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Libby Davies, then an NDP MP, rises during Question Period in the House of Commons in 2014 in Ottawa.

Adrian Wyld/The Canadian Press

Two prominent NDP politicians say they are seriously considering a run for mayor of Vancouver in order to unite progressive parties against the centre-right Non-Partisan Association and tackle the city's extraordinary housing crisis.

With the announcement last month that Mayor Gregor Robertson will not run again in October after 10 years in power with his Vision Vancouver party, the field has been thrown wide open, with all parties scrambling to devise strategy and field candidates.

Over the weekend, former NDP MP Libby Davies and current NDP MP Don Davies – not related – both said they are talking to a wide range of people about how best to unite the centre-left and left-wing vote among Vision Vancouver, the Green Party, the Coalition of Progressive Electors (COPE) and OneCity.

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Both say they're considering running because Vancouver is in serious trouble, with out-of-control housing costs and a sense that the city is failing residents.

"It feels like the city is in shock," said Ms. Davies, who will be 64 at the end of the month. "People are hurting from struggling to live in the city. Whoever runs, there's something big out there, and that person has to connect to people who are feeling lost."

She said there are few people in the city who can bring people together.

"I can play that role."

Mr. Davies said it's clear that the city's housing crisis needs a new approach.

"I think we need fresh, bold solutions. The bottom line is to recognize it is a crisis, and that would be my No. 1 priority. Young people are leaving, people are living in cramped conditions – they want to seek a council that hunkers down and works on this."

He also said the next council needs to focus more on basics such as transit, garbage and clean parks. "Thinking globally is important, but equally important are those basic services."

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Ms. Davies, who was a city councillor for years before becoming the MP for Vancouver East until 2015, when she announced her retirement, said she would run as an independent in order to make it easier for the groups to unite.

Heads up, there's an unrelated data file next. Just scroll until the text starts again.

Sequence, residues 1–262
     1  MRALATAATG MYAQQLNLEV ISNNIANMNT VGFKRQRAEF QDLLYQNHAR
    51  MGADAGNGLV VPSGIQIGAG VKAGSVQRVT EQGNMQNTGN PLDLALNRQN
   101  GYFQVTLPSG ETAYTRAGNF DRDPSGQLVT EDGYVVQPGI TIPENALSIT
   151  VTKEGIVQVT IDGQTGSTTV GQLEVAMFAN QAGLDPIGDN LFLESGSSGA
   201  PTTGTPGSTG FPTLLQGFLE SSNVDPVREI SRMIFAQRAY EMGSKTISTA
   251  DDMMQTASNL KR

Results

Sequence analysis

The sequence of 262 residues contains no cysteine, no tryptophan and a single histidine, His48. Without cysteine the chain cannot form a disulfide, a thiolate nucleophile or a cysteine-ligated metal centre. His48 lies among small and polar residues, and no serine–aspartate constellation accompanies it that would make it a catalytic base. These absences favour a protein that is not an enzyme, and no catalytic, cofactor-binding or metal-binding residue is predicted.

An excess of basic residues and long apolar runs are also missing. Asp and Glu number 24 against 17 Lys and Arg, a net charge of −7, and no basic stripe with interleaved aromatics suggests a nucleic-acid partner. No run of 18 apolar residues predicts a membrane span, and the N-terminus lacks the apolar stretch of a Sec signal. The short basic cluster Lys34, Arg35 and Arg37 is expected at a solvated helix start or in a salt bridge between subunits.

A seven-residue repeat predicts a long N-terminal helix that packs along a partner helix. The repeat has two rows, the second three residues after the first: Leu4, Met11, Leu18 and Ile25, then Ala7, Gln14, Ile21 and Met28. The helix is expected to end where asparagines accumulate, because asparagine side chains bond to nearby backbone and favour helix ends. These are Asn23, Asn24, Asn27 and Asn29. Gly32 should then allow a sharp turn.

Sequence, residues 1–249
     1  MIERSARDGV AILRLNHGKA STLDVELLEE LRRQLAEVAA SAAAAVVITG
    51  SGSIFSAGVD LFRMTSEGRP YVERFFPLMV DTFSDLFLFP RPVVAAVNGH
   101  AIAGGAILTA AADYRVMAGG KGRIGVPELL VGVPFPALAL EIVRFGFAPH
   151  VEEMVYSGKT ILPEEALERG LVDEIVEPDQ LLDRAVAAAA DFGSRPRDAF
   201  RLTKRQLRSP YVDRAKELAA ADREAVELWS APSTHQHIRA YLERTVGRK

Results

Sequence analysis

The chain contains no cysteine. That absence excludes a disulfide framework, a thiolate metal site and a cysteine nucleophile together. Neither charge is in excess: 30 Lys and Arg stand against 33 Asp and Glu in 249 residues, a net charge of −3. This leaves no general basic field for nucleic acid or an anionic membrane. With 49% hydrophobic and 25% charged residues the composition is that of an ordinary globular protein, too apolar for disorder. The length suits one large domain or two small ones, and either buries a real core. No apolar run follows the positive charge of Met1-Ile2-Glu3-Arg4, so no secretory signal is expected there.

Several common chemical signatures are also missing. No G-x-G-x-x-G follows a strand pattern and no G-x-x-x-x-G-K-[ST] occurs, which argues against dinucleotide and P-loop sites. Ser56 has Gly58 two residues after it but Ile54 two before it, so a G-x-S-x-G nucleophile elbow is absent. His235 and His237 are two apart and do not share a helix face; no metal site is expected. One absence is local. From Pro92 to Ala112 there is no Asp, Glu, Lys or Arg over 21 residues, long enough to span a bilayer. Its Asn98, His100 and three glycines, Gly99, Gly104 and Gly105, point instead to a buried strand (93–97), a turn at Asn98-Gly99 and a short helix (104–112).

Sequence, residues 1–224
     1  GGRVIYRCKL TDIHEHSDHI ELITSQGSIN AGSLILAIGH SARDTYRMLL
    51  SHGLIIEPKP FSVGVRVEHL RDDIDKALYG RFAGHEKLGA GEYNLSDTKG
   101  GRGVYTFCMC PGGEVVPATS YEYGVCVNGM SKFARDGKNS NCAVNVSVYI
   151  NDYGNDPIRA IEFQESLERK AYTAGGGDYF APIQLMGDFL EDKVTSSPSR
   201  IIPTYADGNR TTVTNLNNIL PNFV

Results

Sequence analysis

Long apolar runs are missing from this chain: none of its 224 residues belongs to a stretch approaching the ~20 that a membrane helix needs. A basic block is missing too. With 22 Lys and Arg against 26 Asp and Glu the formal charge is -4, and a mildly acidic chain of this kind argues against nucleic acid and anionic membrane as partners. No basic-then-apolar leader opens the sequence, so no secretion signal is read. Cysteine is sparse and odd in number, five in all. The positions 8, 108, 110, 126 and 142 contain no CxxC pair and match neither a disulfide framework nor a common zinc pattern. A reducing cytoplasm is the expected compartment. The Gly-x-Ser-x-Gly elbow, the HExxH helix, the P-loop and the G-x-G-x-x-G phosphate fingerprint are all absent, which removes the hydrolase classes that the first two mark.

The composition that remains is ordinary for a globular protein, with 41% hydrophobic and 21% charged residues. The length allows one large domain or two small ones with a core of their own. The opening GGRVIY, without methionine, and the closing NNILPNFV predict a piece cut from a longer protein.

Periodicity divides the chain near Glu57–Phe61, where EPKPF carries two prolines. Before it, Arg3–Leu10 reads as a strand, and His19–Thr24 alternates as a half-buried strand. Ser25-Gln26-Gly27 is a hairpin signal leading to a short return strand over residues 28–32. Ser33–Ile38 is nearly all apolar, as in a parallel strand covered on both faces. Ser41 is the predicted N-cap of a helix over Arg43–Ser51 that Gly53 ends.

Mr. Davies, a 55-year-old labour lawyer who has represented Vancouver-Kingsway since 2008, said his team is exploring options on whether to run independently or with a party.

Their decision to talk publicly about running comes as the Non-Partisan Association (NPA) is still working out who its mayoral candidate will be. President Greg Baker pushed the nomination back from late February to an undecided date in April in order to give those considering a run more time.

To date, only one person, Glen Chernen, has publicly announced that he will vie for the NPA nomination, after running in 2014 with a new party that he created with his brother.

Media executive Kirk LaPointe, who was the NPA's mayoral candidate in 2014, Councillor Hector Bremner, who won in a by-election last October, and former Conservative MP Wai Young have said they are considering running, but none have made a public decision yet.

Mr. Bremner won the by-election, taking a seat away from Vision, with just 28 per cent of the vote; the rest of the votes were split among the other four parties.

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That's something both Ms. Davies and Mr. Davies said they don't want to have happen again.

"If there's one lesson people took from the by-election, it's that if the centre and left progressive sides are not united, it paves the way for the NPA," Mr. Davies said.

Ms. Davies said she believes that Vision Vancouver, after being dominant for so long among the progressive parties, is now willing to be truly collaborative.

"They've had a bit of a wake-up call. I think Vision gets the message they need to co-operate."

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